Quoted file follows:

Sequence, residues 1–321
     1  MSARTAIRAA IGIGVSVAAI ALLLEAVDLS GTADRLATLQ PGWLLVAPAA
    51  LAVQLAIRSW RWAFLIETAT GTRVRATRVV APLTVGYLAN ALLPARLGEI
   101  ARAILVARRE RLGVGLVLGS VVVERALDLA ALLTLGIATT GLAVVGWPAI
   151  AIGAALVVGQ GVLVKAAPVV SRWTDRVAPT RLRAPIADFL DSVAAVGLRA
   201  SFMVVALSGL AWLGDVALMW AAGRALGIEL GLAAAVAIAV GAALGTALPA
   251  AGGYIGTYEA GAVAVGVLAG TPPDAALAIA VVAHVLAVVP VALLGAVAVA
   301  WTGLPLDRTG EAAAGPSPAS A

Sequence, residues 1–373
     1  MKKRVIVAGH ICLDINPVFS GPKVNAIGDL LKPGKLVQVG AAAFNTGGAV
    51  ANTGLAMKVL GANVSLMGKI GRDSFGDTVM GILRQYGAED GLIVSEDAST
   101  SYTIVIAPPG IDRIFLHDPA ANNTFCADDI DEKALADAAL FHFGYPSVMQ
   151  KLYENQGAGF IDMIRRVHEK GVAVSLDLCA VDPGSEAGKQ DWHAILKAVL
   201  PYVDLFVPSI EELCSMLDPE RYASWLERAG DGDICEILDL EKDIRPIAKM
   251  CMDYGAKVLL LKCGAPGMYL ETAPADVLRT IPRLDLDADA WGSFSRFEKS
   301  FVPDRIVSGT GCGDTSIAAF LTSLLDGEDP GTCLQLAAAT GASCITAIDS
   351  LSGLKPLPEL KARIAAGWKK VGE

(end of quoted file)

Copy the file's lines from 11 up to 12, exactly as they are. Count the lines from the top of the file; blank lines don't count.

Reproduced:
    51  ANTGLAMKVL GANVSLMGKI GRDSFGDTVM GILRQYGAED GLIVSEDAST
   101  SYTIVIAPPG IDRIFLHDPA ANNTFCADDI DEKALADAAL FHFGYPSVMQ